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Old 01-02-2014, 11:49 PM
 
Location: Los Angeles
1,039 posts, read 1,292,690 times
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Quote:
Originally Posted by King0fthehill View Post
On a different note, why does it seem like LA lacks the simultaneous gentrification/revitalization of numerous neighborhoods that are going on in other cities? (namely: NYC)
Have you seen this article? These 2 Cities Are Now Exclusively For Rich People You don't want LA to become NYC or SF. Trust me.
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Old 01-03-2014, 04:30 AM
 
Location: Oakland & Los Angeles, CA
174 posts, read 236,597 times
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Quote:
Originally Posted by King0fthehill View Post
On a different note, why does it seem like LA lacks the simultaneous gentrification/revitalization of numerous neighborhoods that are going on in other cities? (namely: NYC)
Because LA is too big.
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Old 01-03-2014, 11:38 AM
 
1,971 posts, read 2,382,939 times
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LA did have simultaneous gentrification of numerous neighborhoods. Venice, Silver Lake and Los Feliz all gentrified into their current states during the same time period. The current Echo Park / DTLA gentrification started picking up towards the tail end of this.
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Old 01-03-2014, 11:44 AM
 
Location: Pasadena, CA
10,087 posts, read 12,563,975 times
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Quote:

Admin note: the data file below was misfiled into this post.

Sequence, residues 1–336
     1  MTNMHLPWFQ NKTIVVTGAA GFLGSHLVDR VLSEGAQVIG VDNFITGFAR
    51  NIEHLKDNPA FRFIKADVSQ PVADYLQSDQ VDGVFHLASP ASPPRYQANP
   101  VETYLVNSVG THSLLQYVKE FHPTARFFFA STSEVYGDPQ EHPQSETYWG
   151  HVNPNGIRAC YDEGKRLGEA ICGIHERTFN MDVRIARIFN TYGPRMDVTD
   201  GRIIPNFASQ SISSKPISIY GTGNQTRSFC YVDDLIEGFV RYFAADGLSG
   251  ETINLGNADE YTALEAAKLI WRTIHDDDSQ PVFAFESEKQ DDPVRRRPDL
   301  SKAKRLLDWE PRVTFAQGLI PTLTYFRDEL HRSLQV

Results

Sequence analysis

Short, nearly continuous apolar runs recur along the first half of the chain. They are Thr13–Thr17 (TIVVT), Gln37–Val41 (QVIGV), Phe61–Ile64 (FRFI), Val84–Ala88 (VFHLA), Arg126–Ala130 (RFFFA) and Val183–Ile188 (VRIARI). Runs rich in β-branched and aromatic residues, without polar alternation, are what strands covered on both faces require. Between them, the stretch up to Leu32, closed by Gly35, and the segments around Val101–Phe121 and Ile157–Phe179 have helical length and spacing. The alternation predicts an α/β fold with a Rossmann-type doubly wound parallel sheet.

Originally Posted by taydigga View Post
Have you seen this article? These 2 Cities Are Now Exclusively For Rich People You don't want LA to become NYC or SF. Trust me.
Well to be fair that is just Manhattan. I think Los Angeles is too vast to ever exclusively become a playground for the rich, sort of like how much of the rest of NYC (while expensive) has plenty of middle class residents.

However reading certain web sites that cater towards the development news of DTLA, you can tell there are quite a few people who want DTLA and environs to be a Manhattan/SF-esque rich person playground.

And Los Angeles definitely has simultaneous gentrification (neighborhoods in different stages of gentrification) - look at the Arts District, Echo Park, Highland Park, Atwater Village on the same trajectory, Koreatown and Hollywood on the same trajectory, Mid-City and East Hollywood on similar trajectories.
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Old 01-04-2014, 11:23 PM
 
Location: Los Angeles
1,039 posts, read 1,292,690 times
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Quote:
Originally Posted by munchitup View Post
Well to be fair that is just Manhattan. I think Los Angeles is too vast to ever exclusively become a playground for the rich, sort of like how much of the rest of NYC (while expensive) has plenty of middle class residents.

However reading certain web sites that cater towards the development news of DTLA, you can tell there are quite a few people who want DTLA and environs to be a Manhattan/SF-esque rich person playground.

And Los Angeles definitely has simultaneous gentrification (neighborhoods in different stages of gentrification) - look at the Arts District, Echo Park, Highland Park, Atwater Village on the same trajectory, Koreatown and Hollywood on the same trajectory, Mid-City and East Hollywood on similar trajectories.
Agreed.
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Old 01-05-2014, 03:28 PM
 
194 posts, read 376,940 times
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Quote:
Originally Posted by munchitup View Post
Well to be fair that is just Manhattan. I think Los Angeles is too vast to ever exclusively become a playground for the rich, sort of like how much of the rest of NYC (while expensive) has plenty of middle class residents.

However reading certain web sites that cater towards the development news of DTLA, you can tell there are quite a few people who want DTLA and environs to be a Manhattan/SF-esque rich person playground.

And Los Angeles definitely has simultaneous gentrification (neighborhoods in different stages of gentrification) - look at the Arts District, Echo Park, Highland Park, Atwater Village on the same trajectory, Koreatown and Hollywood on the same trajectory, Mid-City and East Hollywood on similar trajectories.